So you’ve leafed through your guidebook, found your crag for the day’s take, and decided on what routes you’re going to work. So how do you get there? The hike to the cliff base, known as the approach, is the bane of climbers everywhere. Often unmarked, poorly described and dangerous, approaching a crag can be as much if not more work than the actual climbing. Cliffs usually rim the top of a canyon, hang over rivers or rise out of the earth miles from any accessible road. So you’re going to have to hike to the top of that canyon, cross that river, or lace up and walk those miles to get to your destination. Don’t forget you’ve got a heavy pack on - ropes, gear, harnesses, shoes, food, and water can add up to around 40 pounds per person on a two-man climbing team.
The approach is such an undertaking that climbing shoe companies make approach-specific shoes. I used to question the validity of spending 120 dollars on a pair of hiking boots that are targeted for walking to a cliff, but after struggling numerous times in tennis shoes, sandals and rock shoes, I coughed up the cash for a pair. And boy, does it make the difference. Eric and I both have approach shoes, and they’ve saved our asses many times. Sharing the same rubber of climbing shoes, approach shoes stick to steep rock on fourth-class hiking (scrambling up big boulders with the possibility of a bad fall), hold on wet rock, and offer some ankle support. Just last evening, as we hiked down the mountainside of Sinks Canyon in Wyoming, a slow-moving climber in front of us had on some slip-on loafers, and fell at least three times on the way out. Justification complete.
Approaches can be frustratingly difficult to find and follow. Climber trails are often unmarked, undeveloped, or completely non-existent. Guidebooks often have vague descriptions that make you question where the hell you are going. In Boulder Canyon, approaches usually cross a creek on a cable traverse, then begin on talus - huge boulder fields on the side of steep mountainsides where no trail exists. You have to pick your way carefully up the talus, looking for trails to appear, and often end up following what appears to be a trail into nothing. In Clear Creek Canyon, at the River Wall, some walls are accessed by wading along the side of the rushing white water, or accessed by climbing up boulders and over a road tunnel a few hundred feet above creek. Good foot placement is absolutely crucial.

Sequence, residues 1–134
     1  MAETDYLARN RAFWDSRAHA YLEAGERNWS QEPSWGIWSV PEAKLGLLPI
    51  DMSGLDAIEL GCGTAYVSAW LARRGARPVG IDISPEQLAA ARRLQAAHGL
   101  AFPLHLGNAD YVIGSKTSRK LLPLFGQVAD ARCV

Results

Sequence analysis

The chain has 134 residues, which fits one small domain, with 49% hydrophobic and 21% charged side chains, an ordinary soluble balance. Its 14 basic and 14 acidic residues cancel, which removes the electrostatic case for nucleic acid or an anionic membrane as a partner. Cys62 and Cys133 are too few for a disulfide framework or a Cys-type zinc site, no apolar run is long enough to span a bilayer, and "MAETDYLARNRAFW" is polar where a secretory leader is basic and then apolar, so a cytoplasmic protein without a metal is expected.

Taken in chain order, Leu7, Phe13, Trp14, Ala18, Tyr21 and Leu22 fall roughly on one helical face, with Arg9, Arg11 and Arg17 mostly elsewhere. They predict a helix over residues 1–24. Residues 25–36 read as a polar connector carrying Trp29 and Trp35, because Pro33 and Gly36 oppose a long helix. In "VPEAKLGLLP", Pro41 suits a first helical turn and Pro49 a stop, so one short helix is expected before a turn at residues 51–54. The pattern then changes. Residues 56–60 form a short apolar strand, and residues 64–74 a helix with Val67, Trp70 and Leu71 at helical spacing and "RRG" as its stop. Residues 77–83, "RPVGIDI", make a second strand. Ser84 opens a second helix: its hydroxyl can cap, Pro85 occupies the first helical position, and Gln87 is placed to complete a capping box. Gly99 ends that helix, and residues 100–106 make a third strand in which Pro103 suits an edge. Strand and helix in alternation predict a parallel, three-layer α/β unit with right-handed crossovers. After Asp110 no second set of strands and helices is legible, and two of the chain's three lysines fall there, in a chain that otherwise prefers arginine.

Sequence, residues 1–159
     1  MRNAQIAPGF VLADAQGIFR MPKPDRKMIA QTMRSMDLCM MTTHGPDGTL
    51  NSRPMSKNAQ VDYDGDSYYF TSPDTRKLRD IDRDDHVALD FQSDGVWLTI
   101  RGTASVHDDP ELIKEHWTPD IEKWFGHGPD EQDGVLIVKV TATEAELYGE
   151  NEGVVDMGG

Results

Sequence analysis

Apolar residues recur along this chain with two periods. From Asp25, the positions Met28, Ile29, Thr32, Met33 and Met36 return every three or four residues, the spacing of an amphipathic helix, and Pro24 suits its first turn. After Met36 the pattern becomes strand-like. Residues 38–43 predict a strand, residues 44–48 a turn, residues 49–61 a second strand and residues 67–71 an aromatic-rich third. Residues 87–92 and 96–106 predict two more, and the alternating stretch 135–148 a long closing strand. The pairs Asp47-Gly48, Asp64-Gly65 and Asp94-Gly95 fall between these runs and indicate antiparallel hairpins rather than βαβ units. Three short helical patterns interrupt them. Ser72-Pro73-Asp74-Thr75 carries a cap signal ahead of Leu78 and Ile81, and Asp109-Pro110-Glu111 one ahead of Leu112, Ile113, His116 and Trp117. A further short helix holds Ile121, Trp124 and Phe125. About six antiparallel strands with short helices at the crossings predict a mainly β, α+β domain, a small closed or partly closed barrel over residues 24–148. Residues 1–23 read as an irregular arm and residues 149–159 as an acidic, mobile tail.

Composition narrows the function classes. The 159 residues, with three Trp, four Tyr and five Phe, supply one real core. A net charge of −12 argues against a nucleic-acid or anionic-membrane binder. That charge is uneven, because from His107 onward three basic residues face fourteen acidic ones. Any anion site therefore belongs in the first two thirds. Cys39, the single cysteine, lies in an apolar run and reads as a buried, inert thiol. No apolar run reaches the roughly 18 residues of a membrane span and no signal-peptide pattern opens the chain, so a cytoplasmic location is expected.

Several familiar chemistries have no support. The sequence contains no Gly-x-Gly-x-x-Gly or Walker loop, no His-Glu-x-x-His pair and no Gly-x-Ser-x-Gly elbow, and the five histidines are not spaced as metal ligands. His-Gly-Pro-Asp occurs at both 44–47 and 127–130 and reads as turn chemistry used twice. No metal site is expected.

Here is an excerpt from the Lander Rock Climbs guidebook (written by Steve Bechtel from Elemental Climbing publishers) that we followed yesterday:
“Park at the Popo Agie Campground, hike across the swinging bridge, on the far side, the trail splits. Go straight ahead up some short steps on a trail heading toward the cliffs on the hill above. After about 3-4 minutes on this trail, it forks. Go right, [then go left] and head right again. Follow the trail till you hit a fence. Turn left and follow faint game trails up into the woods. Eventually, these trails solidify into a trail heading up the drainage gully. As the angle steepens and the gully narrows, a faint trail breaks left, go to the right of the gully. About two minutes uphill, a new trail breaks left along the base of this crag. The routes are a five minute’s walk away.”
We got lost several times. We hiked up steep hills with no trail looking for trails. We somehow ended up on a trail on top of the cliffs we wanted to climb. By the time we got to the crag, sweaty, tired and thirsty, it was time to go vertical. Just another day in the office.